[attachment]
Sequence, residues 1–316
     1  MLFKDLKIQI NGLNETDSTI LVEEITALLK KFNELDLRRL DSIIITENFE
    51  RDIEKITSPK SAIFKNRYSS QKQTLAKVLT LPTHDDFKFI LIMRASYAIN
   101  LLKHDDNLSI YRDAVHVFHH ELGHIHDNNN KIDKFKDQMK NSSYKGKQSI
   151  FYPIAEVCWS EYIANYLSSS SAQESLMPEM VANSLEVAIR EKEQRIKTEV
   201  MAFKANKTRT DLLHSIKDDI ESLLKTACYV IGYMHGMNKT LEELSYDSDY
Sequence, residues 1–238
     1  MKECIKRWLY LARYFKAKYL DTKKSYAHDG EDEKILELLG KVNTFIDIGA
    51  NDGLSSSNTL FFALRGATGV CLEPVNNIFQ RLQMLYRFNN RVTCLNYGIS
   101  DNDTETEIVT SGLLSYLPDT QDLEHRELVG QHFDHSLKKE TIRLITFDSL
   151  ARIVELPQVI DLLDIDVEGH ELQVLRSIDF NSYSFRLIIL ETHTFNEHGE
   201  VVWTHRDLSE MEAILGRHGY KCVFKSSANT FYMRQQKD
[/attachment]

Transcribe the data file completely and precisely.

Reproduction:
Sequence, residues 1–316
     1  MLFKDLKIQI NGLNETDSTI LVEEITALLK KFNELDLRRL DSIIITENFE
    51  RDIEKITSPK SAIFKNRYSS QKQTLAKVLT LPTHDDFKFI LIMRASYAIN
   101  LLKHDDNLSI YRDAVHVFHH ELGHIHDNNN KIDKFKDQMK NSSYKGKQSI
   151  FYPIAEVCWS EYIANYLSSS SAQESLMPEM VANSLEVAIR EKEQRIKTEV
   201  MAFKANKTRT DLLHSIKDDI ESLLKTACYV IGYMHGMNKT LEELSYDSDY
Sequence, residues 1–238
     1  MKECIKRWLY LARYFKAKYL DTKKSYAHDG EDEKILELLG KVNTFIDIGA
    51  NDGLSSSNTL FFALRGATGV CLEPVNNIFQ RLQMLYRFNN RVTCLNYGIS
   101  DNDTETEIVT SGLLSYLPDT QDLEHRELVG QHFDHSLKKE TIRLITFDSL
   151  ARIVELPQVI DLLDIDVEGH ELQVLRSIDF NSYSFRLIIL ETHTFNEHGE
   201  VVWTHRDLSE MEAILGRHGY KCVFKSSANT FYMRQQKD